Tracheal Collapse

Tracheal Collapse

The trachea connects the larynx to the lungs and is the wind pipe supplying oxygen to the lungs. In small breed dogs like Yorkshire terriers, Chihuahuas, Pomeranians, and Toy Poodles, tracheal collapse can happen. Tracheal rings may have less chondroitin resulting in weakening and collapse. Tracheal collapse are classified in 4 grades. Grade four is a completely collapsed trachea either in the neck or in the chest.

How is tracheal collapse diagnosed?

You, your family veterinarian and Dr Jha (Board Certified Surgeon) Will use multiple tools at our disposal for diagnosis. You may notice a goose honking coughing, difficulty in breathing, exercise intolerance, and in serious cases fainting and collapse due to less oxygen supply. Your primary care veterinarian will do a physical exam and X-rays to begin the diagnosis. We complete the diagnostic process by performing a thorough oral examination under sedation and/or general anesthesia to evaluate the grade of laryngeal paralysis. We may further add a bronchoscopic examination of the trachea to assess the length of collapsed segments. Dr Jha and his team will also recommend that a CT scan of the neck to be performed for surgical planning and tracheal stenting procedure.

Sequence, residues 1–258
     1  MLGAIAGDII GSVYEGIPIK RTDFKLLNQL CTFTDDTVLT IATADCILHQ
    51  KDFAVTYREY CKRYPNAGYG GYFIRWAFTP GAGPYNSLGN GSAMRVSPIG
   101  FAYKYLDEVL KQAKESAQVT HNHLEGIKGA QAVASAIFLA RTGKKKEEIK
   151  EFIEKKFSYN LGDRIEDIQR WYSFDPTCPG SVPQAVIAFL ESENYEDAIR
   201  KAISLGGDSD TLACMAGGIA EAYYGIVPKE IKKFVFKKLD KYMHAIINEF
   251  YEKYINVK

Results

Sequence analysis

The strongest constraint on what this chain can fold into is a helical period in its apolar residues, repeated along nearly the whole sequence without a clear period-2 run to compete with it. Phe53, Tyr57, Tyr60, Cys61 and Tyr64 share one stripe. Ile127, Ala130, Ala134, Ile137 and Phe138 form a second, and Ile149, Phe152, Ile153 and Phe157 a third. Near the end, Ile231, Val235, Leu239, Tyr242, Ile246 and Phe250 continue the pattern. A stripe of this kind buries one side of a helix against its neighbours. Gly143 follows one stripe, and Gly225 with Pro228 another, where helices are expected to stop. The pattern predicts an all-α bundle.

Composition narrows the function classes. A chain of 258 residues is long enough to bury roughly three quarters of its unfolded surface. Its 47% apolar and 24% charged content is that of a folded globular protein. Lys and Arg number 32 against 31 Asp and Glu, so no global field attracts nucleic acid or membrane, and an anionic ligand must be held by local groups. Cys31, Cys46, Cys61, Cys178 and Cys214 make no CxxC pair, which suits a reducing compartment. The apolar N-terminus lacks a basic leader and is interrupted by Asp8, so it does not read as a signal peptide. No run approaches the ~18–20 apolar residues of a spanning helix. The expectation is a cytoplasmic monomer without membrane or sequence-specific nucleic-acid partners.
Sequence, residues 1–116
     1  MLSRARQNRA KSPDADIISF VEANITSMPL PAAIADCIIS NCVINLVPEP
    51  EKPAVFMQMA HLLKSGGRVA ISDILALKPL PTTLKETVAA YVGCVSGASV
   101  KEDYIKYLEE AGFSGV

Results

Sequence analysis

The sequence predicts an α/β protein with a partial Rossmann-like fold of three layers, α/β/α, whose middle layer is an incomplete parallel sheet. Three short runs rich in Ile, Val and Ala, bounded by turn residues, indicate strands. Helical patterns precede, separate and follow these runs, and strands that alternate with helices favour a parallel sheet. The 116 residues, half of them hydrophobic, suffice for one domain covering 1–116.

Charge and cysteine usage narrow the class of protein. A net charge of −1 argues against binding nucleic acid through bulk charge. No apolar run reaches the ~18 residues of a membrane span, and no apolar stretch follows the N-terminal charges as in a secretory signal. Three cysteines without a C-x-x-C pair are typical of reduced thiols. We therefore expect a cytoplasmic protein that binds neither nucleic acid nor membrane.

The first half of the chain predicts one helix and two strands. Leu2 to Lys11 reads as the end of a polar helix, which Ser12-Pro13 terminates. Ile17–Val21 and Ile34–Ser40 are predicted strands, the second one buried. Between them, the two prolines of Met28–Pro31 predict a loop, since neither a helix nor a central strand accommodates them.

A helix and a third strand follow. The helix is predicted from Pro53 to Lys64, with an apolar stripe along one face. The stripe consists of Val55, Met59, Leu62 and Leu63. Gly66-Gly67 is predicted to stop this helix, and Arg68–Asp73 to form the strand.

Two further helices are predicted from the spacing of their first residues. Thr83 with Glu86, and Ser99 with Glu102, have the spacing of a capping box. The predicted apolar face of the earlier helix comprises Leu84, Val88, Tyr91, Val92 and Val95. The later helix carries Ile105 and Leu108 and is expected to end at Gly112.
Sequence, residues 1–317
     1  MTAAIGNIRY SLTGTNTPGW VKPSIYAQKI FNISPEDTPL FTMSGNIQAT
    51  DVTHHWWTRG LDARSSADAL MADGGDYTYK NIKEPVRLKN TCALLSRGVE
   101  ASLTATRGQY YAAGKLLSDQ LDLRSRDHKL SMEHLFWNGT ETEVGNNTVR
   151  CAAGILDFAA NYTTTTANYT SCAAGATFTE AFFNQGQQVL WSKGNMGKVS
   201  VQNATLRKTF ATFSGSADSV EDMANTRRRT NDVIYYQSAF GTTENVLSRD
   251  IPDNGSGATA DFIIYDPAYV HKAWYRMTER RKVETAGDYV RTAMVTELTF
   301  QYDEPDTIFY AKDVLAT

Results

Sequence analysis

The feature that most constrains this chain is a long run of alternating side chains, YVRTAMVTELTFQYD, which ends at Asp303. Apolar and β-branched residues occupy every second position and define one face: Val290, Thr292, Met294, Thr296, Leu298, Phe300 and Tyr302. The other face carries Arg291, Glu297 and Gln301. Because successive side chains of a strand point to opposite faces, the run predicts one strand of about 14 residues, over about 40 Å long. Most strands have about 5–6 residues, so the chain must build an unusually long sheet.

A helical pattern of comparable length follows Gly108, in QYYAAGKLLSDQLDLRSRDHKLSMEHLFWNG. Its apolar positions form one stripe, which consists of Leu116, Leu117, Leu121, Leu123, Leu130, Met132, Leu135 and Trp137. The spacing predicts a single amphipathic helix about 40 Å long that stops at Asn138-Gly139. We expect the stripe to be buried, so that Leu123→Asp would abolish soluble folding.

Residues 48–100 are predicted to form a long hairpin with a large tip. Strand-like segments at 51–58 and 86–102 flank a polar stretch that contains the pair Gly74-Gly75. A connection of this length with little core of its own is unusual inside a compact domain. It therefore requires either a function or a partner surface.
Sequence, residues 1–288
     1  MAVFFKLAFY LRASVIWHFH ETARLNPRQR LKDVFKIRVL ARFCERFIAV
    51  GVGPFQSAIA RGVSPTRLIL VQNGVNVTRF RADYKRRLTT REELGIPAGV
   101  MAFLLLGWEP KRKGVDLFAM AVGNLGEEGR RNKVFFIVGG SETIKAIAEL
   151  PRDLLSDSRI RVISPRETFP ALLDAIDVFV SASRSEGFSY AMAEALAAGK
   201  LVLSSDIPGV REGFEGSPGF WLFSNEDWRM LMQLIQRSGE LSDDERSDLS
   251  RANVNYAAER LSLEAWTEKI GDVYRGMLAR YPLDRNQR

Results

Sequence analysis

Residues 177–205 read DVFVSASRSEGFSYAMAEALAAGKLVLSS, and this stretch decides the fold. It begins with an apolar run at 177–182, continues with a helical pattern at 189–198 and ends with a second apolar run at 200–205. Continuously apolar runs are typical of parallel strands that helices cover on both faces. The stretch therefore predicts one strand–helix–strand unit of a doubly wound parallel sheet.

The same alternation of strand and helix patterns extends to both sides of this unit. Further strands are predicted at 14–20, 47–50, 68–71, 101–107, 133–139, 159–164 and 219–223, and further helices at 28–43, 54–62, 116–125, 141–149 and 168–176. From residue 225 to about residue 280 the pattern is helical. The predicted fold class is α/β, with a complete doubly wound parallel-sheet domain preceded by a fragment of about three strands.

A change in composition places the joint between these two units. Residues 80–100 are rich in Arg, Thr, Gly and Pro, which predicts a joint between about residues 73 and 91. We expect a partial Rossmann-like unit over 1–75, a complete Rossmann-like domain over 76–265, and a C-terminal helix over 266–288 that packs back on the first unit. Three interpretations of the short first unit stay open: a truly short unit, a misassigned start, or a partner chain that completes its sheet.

How is tracheal collapse treated?

Stenting of trachea is the treatment of choice at AMSC. A tracheal stent is carefully placed into the trachea resulting in a permanent resolution of the collapse and reconstitution of the tracheal lumen. The stent is made of a Nitinol wire and is implanted into the tracheal lumen through the oral cavity under general anesthesia.


Although a large lumen is restored after the surgery, intermittent coughing will still be seen in these dogs. Fracture of the stent can also happen. Infection and granuloma formation have been also noticed.

Minimally Invasive Surgery

Orthopedic Surgery

General Surgery

Neurological Surgery